Kant’s ethical ideology is known as Kantian ethics, or deontological ethics, means ethical duty. This involves something that Kant coined as ‘Good Will‘, which suggests that doing something that you consider good, doesn’t automatically make it good, it’s the attitude behind the action which is important. Take theism as a perfect example of why it cannot be categorised as good will. Once there’s a reward for doing a good deed, then the act of morality is cancelled, and according to Kantian ethics, you do a good deed because it’s your duty, not for merit. So good will and duty is what defines morality, not pleasing the will of a god, and once opposing inclinations outweighs rational incentive, the moral framework breaks down.

Georges Lemaître and the hypothesis of the primeval atom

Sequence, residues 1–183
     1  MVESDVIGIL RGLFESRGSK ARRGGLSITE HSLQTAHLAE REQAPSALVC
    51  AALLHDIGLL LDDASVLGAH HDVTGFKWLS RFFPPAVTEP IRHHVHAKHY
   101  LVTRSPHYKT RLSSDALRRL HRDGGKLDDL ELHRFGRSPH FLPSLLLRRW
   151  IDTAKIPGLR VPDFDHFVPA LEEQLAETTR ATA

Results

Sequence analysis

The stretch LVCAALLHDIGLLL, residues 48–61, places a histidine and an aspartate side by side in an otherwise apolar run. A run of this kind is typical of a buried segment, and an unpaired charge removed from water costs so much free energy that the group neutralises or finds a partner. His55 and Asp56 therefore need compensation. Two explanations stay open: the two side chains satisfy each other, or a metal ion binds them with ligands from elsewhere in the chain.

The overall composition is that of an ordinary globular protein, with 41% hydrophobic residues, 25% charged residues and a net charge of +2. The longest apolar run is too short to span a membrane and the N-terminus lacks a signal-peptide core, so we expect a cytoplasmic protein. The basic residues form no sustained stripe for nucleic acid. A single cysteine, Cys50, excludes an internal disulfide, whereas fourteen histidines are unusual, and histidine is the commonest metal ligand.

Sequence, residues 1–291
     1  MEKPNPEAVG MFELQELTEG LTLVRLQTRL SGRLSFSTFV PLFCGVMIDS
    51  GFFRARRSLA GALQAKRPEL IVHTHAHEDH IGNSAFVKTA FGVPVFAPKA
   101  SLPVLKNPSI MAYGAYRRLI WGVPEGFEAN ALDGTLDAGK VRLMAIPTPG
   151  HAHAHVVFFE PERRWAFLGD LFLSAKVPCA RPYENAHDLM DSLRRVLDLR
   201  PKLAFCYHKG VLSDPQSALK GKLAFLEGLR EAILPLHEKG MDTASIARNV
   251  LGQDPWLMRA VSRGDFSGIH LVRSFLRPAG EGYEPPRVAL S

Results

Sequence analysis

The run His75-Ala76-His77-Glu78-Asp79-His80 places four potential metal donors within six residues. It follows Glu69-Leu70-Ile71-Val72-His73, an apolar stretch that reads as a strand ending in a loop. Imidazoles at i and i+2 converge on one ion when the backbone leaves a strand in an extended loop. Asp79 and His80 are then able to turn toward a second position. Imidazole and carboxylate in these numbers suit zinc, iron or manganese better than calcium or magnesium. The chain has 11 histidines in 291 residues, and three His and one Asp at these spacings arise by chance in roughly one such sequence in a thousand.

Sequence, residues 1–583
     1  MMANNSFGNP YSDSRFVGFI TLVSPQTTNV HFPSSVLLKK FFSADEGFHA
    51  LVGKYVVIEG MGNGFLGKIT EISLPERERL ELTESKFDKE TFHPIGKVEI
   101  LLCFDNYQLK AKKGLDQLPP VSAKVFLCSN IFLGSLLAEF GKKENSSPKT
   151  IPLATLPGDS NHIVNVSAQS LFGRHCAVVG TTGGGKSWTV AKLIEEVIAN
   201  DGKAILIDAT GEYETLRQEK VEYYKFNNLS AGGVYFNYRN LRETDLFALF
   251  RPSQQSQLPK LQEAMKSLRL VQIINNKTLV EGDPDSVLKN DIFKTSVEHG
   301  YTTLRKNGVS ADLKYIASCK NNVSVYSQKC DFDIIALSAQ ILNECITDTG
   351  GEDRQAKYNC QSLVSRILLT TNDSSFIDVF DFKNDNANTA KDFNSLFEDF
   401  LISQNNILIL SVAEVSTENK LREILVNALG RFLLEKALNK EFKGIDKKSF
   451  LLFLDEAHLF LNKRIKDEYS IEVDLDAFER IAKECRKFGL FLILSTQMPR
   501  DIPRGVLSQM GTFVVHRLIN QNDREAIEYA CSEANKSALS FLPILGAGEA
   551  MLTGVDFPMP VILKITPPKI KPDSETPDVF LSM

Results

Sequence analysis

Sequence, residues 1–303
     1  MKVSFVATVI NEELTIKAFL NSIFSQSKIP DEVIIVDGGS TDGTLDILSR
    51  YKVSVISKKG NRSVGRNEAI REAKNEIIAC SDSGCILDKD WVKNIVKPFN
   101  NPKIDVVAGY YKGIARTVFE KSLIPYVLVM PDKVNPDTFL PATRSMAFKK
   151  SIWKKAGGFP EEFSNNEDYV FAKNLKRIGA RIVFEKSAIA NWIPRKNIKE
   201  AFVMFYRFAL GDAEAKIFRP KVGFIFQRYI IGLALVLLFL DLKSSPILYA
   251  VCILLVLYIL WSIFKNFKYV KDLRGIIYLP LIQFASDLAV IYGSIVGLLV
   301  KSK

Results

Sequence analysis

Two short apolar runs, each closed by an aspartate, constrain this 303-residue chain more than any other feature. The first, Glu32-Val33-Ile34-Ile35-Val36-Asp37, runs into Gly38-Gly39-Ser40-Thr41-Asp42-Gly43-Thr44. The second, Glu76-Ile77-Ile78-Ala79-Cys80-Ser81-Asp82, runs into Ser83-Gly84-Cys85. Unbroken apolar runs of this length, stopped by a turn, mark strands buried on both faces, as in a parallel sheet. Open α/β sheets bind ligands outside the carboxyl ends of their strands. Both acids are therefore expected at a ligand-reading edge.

Georges Henri Joseph Édouard Lemaître‘ was a Belgian priest born in the 19th century, and is evidence that despite being devoutly religious, you can believe in god and separate that belief from science and reality. As well as being a priest, he was a professor of physics at the Catholic University of Leuven, and a keen cosmologist. During World War I he served as an artillery officer in the Belgian army, and when the war ended he studied to become a priest and was ordained in 1923. Between 1925 and 1927 he studied solar physics at the Massachusetts Institute of Technology (MIT) in America and obtained his Ph.D, and where he studied the works of ‘Edwin Hubble‘, and his ‪theories surrounding an expanding universe, which he’d observed through an extremely powerful telescope at Mt. Wilson in California‬

Georges Lemaître 07/17/1894 – 06/20/1966